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Smith challenged to back public NHS

Leadership hopeful under fire for Pfizer lobbyist past

JEREMY CORBYN challenged Owen Smith to back a fully public NHS yesterday after his leadership rival defended his past as a lobbyist for drug privateer Pfizer.

Mr Smith is under scrutiny over the £80,000-a-year post as “head of government affairs” for the US company, which is famous for producing sexual aid Viagra, he held between 2005 and 2008.

When he unsuccessfully stood for Parliament in 2006, he claimed privateers could bring “good ideas” and “valuable services” into the NHS without undermining its public ethos.

And shortly after being elected in 2010, he used a Commons speech to call for the government to offer to “improve incentives” for pharmaceutical privateers and warned against the NHS using cheaper non-patented alternatives.

Mr Smith has insisted he was not a lobbyist and has “never advocated privatisation of the NHS.”

But shadow health secretary Diane Abbott told BBC Radio 4’s Today programme: “There is no issue closer to party members’ hearts than the NHS.

“I don’t believe that someone whose history is having been a special adviser and a pharmaceutical company lobbyist is going to enthuse the base,” she said.

Asked about his rival’s record at his campaign launch, Mr Corbyn recalled how pharmaceutical companies blocked access to low-cost, life-saving HIV drugs in Africa.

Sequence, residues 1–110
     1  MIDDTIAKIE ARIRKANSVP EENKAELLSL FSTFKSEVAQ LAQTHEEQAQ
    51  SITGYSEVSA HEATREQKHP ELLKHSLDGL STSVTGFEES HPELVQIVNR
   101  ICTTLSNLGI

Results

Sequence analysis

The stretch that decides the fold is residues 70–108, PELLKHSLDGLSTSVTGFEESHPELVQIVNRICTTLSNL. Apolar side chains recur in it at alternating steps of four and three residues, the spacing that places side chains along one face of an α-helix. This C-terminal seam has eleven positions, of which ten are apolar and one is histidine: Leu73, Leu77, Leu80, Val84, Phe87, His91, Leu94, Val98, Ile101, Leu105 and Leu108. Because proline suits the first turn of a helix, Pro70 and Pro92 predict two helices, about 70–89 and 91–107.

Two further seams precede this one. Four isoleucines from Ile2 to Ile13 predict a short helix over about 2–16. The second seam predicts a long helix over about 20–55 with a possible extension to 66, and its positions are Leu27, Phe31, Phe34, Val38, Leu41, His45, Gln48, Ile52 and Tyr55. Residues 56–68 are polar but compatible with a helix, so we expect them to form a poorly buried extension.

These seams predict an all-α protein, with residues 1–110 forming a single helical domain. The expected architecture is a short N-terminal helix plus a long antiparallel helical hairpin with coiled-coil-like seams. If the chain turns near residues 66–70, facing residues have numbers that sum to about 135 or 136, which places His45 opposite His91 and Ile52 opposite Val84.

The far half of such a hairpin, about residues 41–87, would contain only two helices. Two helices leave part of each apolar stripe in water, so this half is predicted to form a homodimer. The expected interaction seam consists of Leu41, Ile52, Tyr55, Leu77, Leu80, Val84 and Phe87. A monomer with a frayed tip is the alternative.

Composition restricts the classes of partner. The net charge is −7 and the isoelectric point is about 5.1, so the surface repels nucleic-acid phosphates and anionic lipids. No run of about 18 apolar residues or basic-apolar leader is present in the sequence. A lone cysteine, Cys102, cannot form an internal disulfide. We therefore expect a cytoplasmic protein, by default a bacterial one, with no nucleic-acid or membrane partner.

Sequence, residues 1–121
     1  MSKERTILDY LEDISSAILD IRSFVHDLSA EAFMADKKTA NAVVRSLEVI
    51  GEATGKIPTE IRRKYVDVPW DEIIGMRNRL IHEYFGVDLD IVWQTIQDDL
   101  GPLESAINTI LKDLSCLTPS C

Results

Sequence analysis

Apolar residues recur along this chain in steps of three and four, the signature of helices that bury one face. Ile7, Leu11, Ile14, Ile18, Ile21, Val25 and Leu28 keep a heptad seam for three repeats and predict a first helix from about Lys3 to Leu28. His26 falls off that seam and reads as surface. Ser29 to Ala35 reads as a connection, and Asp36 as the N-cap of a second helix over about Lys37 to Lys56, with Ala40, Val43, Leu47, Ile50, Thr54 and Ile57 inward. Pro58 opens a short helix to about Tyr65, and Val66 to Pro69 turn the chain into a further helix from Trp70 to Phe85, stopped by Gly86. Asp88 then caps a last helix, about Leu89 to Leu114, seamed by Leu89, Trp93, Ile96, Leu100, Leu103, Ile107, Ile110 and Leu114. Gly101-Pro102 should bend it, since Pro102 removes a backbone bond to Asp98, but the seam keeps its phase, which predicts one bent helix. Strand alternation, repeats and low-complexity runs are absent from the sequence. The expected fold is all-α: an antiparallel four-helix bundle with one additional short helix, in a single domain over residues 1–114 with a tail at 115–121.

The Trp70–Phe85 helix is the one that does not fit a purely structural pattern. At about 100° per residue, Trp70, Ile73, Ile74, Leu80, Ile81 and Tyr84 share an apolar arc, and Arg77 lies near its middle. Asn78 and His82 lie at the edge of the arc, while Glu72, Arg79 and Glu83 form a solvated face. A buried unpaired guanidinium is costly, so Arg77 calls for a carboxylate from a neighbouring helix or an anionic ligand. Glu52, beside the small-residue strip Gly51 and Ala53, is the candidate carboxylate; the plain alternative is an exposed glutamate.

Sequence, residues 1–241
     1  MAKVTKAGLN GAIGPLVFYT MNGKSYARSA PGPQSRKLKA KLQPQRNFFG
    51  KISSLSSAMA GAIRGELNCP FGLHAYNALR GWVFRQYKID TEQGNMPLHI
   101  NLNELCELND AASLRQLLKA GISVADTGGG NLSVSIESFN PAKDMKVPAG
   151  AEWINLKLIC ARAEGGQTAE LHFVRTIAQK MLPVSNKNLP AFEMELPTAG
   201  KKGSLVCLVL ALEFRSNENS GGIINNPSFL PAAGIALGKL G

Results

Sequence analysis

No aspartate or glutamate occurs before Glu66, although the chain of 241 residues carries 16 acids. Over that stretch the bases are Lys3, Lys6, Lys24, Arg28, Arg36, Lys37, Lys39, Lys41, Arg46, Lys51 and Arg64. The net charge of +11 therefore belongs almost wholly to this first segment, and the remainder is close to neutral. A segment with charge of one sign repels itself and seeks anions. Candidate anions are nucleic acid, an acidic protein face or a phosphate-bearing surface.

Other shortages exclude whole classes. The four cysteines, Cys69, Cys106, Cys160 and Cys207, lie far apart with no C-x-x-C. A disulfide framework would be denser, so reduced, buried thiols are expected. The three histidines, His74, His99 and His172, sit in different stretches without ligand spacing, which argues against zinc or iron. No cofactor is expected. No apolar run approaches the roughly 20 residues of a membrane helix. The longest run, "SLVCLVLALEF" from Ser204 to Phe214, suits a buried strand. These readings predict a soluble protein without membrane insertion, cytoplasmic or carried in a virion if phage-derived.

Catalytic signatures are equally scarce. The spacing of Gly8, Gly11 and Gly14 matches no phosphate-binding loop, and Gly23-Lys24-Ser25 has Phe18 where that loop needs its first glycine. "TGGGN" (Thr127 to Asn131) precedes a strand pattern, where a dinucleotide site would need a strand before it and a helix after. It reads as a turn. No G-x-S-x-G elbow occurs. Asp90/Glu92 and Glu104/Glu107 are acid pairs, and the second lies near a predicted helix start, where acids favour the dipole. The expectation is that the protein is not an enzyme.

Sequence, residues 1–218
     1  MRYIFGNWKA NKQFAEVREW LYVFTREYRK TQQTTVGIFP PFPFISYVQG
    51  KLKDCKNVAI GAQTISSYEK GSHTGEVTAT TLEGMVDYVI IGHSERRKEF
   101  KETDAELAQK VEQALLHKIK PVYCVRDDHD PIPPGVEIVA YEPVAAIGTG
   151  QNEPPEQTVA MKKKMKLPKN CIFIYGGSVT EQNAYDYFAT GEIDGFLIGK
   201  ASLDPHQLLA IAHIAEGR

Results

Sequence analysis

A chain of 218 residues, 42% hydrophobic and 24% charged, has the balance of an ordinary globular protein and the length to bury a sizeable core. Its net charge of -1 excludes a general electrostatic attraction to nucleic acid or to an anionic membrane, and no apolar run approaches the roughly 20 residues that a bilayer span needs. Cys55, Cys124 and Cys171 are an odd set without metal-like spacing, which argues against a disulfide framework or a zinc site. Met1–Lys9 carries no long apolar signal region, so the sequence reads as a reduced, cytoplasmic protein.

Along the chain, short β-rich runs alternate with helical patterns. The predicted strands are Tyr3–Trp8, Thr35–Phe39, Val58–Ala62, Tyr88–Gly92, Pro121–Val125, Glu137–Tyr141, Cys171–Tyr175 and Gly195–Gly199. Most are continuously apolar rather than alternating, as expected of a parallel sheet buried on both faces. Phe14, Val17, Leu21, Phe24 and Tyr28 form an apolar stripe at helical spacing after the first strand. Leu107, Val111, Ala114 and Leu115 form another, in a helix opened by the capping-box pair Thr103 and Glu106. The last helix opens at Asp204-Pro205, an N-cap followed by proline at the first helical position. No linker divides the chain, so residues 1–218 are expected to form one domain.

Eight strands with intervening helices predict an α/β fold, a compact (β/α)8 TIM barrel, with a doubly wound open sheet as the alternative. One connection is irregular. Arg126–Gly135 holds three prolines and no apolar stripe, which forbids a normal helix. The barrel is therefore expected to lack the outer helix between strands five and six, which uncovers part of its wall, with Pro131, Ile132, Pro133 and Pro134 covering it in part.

He said: “I hope Owen will agree with me that our NHS should be free at the point of use, should be run by publicly employed workers working for the NHS not private contractors and that medical research shouldn’t be farmed out to big pharmaceutical companies like Pfizer and others but should be funded through the Medical Research Council.”

Mr Corbyn’s allies also hit back at Mr Smith for criticising the leader’s performance at Prime Minister’s Questions.

Mr Smith told the Guardian he was left “furious” by his latest display and said: “Jeremy is just not up to the job of taking them on at the despatch box.”

Ms Abbott pointed the finger at rebel Labour MPs, saying: “They refuse to cheer, they sit on their hands, they sulk, they chat among themselves.

“Some of these Labour MPs need to understand it is not about supporting Jeremy as a person, it is about going into the chamber for Prime Minister’s Questions and supporting your party.”


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